How did you build up the community you have on social media? How do you think it has helped the industry and its workers?

Consistency in the content was a major factor in building the community to what it is now, and what it continues growing into. My goal has always been to build a community where people can turn to for support and advice, whether you’re a front desk agent in California, or a chef in Michigan or a general manager in Shanghai. The idea was always, “let’s have a laugh at the things that stress us out”, and as an added bonus, many have mentioned they’ve learned more about hotels and revenue through the content.

The best thing about having the community is getting to meet new people. One of the coolest experiences of that was when I was in Barcelona and I was sharing posts of the trip on Instagram stories and some of the community members reached out and we met up for drinks. It was such a great experience to realize the reach of the page and that people enjoy and relate to the content enough to want to get together in person.  

As I mentioned, the page was built on mainly providing comic relief for those in the industry going through similar experiences that we all share when you work in the industry. During the pandemic, the page grew by 2-3,000 and I think that was a moment in time where so many people from the industry needed a place to detach from the stress we were all experiencing.  

I try to use the page to help any followers who reach out to me with questions or concerns. For example, someone might reach out and ask if I’ve ever seen a property do something specific and I’ll put a poll out and start a discussion. I also share job postings, or offer some career advice where I can. We all need to help each other out. 

How would you like to see the industry change post-pandemic?

Tying back into my best piece of career advice is that the industry should also never stop learning and adapting. Hospitality has a tendency to be slow changing with technology and the times. I’m hopeful but not fully confident that the industry will adapt to all of the technology that came out of the pandemic.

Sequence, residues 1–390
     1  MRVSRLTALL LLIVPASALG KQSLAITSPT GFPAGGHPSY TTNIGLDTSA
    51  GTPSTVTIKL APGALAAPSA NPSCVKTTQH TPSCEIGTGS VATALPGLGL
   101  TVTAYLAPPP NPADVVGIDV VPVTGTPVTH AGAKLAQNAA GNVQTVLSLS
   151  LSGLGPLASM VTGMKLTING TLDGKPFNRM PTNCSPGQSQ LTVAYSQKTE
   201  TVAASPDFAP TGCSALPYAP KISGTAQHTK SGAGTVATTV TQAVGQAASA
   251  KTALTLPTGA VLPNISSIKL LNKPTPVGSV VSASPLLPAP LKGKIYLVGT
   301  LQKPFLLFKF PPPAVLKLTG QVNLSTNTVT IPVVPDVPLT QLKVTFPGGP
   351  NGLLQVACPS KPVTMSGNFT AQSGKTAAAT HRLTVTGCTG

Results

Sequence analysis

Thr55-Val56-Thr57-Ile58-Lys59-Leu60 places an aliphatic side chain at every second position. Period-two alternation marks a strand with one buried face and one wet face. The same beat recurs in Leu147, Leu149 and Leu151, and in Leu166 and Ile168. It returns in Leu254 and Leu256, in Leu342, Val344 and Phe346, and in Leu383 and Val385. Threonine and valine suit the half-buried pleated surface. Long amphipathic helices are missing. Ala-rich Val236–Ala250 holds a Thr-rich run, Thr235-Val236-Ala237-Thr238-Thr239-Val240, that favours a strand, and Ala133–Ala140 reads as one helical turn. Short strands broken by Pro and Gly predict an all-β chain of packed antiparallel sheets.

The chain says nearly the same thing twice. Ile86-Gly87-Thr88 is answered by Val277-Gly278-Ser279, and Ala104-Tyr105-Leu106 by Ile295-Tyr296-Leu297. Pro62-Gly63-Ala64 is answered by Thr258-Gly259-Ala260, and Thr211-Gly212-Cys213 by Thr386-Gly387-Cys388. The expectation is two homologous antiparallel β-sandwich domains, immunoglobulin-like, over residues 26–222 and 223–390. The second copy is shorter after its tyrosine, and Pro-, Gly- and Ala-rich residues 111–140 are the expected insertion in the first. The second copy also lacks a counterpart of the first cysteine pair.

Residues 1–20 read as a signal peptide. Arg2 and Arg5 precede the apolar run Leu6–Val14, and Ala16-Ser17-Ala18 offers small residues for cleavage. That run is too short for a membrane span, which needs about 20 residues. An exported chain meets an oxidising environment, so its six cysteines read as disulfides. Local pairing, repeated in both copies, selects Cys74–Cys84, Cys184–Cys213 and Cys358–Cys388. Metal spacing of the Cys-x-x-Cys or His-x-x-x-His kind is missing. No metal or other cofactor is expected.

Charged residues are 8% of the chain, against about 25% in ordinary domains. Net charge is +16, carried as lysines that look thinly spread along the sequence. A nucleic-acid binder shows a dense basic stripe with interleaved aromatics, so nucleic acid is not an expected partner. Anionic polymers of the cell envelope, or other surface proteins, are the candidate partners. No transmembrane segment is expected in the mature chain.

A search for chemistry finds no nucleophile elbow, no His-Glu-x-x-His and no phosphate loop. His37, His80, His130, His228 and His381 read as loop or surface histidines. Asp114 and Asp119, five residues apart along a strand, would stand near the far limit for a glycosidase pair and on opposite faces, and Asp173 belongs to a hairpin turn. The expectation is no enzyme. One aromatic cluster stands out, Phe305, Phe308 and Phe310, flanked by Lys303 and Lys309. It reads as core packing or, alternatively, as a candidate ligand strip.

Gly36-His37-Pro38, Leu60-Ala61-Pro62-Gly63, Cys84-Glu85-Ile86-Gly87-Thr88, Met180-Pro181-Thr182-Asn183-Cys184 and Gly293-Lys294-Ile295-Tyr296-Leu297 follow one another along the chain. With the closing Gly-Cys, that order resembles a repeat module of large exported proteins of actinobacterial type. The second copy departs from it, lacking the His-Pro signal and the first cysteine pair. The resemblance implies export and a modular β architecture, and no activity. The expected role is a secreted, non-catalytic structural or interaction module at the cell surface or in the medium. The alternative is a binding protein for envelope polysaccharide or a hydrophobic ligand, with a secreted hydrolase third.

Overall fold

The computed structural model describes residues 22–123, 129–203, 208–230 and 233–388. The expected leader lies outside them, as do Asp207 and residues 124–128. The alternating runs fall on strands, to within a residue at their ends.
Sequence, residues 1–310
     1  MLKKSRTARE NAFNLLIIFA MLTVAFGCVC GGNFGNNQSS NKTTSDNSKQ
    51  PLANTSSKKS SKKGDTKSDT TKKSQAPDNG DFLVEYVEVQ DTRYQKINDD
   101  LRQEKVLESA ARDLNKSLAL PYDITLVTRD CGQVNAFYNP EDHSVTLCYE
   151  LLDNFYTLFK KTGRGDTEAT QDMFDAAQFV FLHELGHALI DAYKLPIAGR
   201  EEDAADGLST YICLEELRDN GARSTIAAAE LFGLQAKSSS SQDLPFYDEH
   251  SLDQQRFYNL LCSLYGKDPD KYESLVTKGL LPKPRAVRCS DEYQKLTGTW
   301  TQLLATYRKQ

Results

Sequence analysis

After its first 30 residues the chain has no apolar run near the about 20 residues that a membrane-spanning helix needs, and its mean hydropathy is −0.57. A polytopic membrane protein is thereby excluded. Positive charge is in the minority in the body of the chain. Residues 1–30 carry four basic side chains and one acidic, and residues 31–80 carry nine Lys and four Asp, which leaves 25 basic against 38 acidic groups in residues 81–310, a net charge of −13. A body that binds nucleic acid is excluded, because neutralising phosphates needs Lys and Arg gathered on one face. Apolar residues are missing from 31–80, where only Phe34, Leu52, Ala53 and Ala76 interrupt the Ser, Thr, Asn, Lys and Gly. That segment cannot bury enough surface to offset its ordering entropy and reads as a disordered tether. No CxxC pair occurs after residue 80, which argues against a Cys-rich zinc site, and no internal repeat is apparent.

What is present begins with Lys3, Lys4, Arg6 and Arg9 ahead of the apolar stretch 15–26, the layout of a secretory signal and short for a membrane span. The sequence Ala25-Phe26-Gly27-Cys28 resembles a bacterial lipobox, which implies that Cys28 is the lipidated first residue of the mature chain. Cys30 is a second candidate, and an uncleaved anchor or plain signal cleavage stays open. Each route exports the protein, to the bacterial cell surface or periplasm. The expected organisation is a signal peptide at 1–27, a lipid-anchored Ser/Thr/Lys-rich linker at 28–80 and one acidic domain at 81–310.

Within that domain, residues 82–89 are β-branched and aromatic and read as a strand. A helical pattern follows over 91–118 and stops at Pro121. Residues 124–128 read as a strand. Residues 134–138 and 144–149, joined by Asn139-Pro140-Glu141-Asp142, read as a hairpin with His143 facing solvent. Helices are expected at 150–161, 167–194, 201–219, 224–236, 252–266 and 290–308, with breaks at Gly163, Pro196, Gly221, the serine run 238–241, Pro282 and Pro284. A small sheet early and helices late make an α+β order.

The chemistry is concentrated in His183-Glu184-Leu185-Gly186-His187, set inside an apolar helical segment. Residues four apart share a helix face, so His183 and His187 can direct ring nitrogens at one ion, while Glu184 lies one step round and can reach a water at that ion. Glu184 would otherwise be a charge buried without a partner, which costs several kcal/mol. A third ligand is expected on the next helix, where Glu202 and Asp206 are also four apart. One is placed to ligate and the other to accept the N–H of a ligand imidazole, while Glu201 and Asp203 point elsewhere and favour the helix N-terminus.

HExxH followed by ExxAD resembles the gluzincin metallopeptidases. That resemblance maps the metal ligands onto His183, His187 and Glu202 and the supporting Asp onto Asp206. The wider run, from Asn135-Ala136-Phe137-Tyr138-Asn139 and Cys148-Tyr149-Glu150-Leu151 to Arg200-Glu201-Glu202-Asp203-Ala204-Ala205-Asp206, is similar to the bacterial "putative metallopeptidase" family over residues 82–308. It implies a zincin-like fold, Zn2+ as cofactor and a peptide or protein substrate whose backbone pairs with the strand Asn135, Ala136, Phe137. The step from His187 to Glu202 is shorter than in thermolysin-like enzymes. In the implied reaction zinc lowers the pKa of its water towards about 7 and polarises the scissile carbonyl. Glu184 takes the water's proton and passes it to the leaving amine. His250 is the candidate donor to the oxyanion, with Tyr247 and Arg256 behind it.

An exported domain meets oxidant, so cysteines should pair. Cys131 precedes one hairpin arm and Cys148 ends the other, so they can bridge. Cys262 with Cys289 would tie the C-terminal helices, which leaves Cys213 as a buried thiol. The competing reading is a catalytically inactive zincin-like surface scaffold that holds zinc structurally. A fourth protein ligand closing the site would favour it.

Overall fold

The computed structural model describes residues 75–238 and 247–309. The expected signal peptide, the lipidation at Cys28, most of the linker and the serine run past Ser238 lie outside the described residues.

For example, the QR code recently made a great comeback in restaurants and hotels to limit the amount of contact and as a bonus cuts down paper waste and operational costs, but it took a pandemic for the industry to fully embrace it rather than adopting it in 1994, when it was first introduced. Of course there are certain establishments, like a fine-dining restaurant where a QR code won’t be as welcome, but it’s now an option for all. 

I’m also seeing it in remote work, where the industry isn’t embracing it where possible but remote work won’t be going away. Those who are in sales, marketing, or revenue management are perfectly capable of working from home, saving the commute time to be with family or take some self care time and then focus on productivity during work hours.

What should industry professionals look for in a mentor, and how can they find a mentor?

Look for someone who is where you want to be, or had a similar career path as yours. Also, ask a lot of questions once you find that person or persons. When you do finally find a mentor, ask them if there is anything that you can take off their plate. It’ll give you some hands-on learning experience, and prepare you to take on more responsibilities as you grow in your career. 

Ask deeper questions about what you are doing as well, and not just doing something for the sake of doing something. Ask why a report is important, or what information it gives a team. How a specific task helps the property operate well, or even ask what the point of a task is if you don’t really understand. These all give you the opportunity to really learn the ins and outs of the industry, but also could identify ways you can make the industry better by creating a new process, or a new way of doing something.

Ask more questions to different people and you’ll find the people who are willing to teach. 

What is your biggest piece of advice for diverse candidates getting into the hospitality industry?

Just focus on doing the best job that you can. I’ve always approached my career as I’m coming into a job to do the best work possible. 

Act like you belong. I’ve always told myself, I belong in the room because I am here and my work has spoken for itself and I’ve earned the right to be here.

More About Calvin

During a 20 year hotel career, Calvin has amassed a diverse skill set spanning multiple brands and markets, including Hilton, Marriott, IHG, Starwood, and Independent properties. Additionally, Calvin’s passion for people has spilled over into career coaching. As with revenue and social media, building a successful career takes a strategic approach. Over the years, Calvin’s guidance has helped mentor people to Vice President and Regional Director roles.